Can I Get a Flu Shot With a Cold?

The main people that the flu shots are a contraindicated for are those people that are significantly ill. If one merely has a cold, sore throat or a cough, one can still go ahead to take the shots. The challenge with receiving flu vaccines when sick is that it may affect the optimal response of the immune system against the vaccines, thereby exposing one to the risk of being infected still. In some other cases, it could affect one’s recovery from the current sickness. But unless the cold is very severe or there is a very high fever, there is nothing to worry about when it comes to the accepting the administration of the vaccination.



Is there Mercury in Flu Shots?

Firstly, it is important to note that flu shots come in a single-dose vial or a multi-dose vial. A single-dose merely means the containers contain a single dose and it is used once, and the bottle disposed off. But in the case of the multi-dose vaccines, more than one dose of the vaccine is contained in the vial allowing it to be used more than once. However, the risk is that inserting a needle more than once may compromise the integrity of the vaccine, hence the use of a preservative. This is where Mercury comes into the picture indirectly. Thimerosal is a preservative that contains mercury. It is this Thimerosal, which is now utilized in the manufacture of the flu shots. Its function is to protect the shots from the potential risk of contamination that the multiple introductions of the needle into the multi-dose vial poses. There are controversies about mercury that is contained in flu shots causing autism in children, but there is no evidence to this and scientific studies have also debunked this hypothesis. Even at that, the use of thimerosal and multi-dose vaccines have mainly been stopped. Furthermore, the prominent use of the single-dose bottles has eliminated the need for the inclusion of preservatives in vaccines.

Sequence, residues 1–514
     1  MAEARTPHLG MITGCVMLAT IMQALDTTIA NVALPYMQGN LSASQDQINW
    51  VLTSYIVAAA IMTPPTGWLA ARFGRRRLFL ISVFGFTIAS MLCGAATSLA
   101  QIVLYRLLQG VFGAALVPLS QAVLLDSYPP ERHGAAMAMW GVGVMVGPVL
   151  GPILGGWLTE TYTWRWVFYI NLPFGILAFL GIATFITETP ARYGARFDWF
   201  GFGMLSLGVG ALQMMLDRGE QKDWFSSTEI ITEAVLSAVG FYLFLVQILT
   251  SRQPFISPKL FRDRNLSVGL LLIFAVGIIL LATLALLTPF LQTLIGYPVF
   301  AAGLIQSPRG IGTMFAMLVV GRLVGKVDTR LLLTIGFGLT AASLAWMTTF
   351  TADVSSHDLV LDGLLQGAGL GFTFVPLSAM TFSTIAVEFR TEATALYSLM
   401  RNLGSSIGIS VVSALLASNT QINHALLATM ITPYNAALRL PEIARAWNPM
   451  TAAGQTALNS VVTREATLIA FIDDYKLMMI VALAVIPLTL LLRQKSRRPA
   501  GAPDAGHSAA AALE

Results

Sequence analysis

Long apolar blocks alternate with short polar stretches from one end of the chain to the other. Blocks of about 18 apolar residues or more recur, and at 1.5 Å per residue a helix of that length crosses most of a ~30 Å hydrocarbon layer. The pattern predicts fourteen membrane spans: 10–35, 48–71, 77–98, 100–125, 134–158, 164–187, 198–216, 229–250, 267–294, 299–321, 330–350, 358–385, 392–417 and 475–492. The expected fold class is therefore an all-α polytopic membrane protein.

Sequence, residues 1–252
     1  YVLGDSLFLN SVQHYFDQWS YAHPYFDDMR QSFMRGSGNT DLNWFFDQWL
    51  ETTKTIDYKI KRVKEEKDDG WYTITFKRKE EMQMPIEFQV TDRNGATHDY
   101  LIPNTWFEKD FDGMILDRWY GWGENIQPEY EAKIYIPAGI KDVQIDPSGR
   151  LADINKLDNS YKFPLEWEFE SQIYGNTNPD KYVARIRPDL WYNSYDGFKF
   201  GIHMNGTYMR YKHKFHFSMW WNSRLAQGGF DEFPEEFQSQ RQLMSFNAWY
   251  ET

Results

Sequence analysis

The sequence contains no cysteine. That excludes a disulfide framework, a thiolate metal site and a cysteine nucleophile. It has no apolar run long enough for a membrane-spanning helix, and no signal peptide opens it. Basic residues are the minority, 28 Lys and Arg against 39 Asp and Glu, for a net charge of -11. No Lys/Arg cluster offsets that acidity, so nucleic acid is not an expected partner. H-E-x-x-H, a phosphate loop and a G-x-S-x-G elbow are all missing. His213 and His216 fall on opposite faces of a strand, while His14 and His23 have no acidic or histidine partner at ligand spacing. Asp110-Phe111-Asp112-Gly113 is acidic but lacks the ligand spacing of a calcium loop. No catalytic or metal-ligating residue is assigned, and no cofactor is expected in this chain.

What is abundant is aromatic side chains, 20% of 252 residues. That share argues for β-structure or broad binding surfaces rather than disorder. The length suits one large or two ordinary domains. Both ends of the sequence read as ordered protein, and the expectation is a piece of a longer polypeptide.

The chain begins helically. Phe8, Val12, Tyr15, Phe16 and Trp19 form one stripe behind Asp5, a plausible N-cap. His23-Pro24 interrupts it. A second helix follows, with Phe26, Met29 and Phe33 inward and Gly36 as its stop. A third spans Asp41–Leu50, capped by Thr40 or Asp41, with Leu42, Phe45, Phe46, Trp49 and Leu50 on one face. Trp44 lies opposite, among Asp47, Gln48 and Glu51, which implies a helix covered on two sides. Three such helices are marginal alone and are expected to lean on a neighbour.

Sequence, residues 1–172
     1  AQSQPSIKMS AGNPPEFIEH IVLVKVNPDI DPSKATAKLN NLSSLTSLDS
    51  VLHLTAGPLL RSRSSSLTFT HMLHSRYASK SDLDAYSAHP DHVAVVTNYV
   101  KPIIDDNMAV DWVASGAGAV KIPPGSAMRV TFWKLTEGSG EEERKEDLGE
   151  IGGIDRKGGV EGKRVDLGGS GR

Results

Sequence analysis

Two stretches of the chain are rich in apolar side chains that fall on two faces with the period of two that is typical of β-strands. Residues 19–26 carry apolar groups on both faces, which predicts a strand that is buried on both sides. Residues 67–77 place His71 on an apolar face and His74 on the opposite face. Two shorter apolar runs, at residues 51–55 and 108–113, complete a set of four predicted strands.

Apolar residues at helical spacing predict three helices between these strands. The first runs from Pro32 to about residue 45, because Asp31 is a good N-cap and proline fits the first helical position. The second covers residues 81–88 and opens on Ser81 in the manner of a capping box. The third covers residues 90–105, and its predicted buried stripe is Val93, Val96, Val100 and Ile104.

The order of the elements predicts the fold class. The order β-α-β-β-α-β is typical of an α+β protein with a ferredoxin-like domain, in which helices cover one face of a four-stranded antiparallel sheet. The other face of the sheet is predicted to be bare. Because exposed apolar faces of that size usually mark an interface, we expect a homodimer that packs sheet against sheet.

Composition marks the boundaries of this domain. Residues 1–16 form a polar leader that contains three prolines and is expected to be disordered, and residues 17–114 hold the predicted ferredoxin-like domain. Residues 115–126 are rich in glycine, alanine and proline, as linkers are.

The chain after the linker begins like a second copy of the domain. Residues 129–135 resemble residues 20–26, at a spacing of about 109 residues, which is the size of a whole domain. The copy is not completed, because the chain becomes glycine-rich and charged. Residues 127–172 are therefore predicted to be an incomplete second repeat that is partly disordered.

Many misconceptions arise about the benefits of receiving flu shots, and most people are ill-informed about its advantage. The truth is that the viruses vary in their mechanism and makeup from one season to another, making it a bit technical to combat them. But, significant improvements in medical technology and research are being effected annually to ensure people’s safety and good health. If there’s any worry at all, consult a Doctor for clarity and enlightenment can be done, to receive a credible, reputable and professional perspective. Flu can be very frustrating and discomforting, the amount of money and time spent in recovery can be avoided by taking the flu shots to boost one’s immune system.


Bridges, C., Thompson, W., Meltzer, M., Reeve, G., Talamonti, W., & Cox, N. et al. (2000). Effectiveness and Cost-Benefit of Influenza Vaccination of Healthy Working Adults. JAMA284(13), 1655.

Duda, K. (2017). Why You Shouldn’t Get a Flu Shot While You’re SickVerywell. Retrieved 8 February 2018, from

Misconceptions about Seasonal Flu and Flu Vaccines | Seasonal Influenza (Flu) | CDC. (2017). Retrieved 8 February 2018, from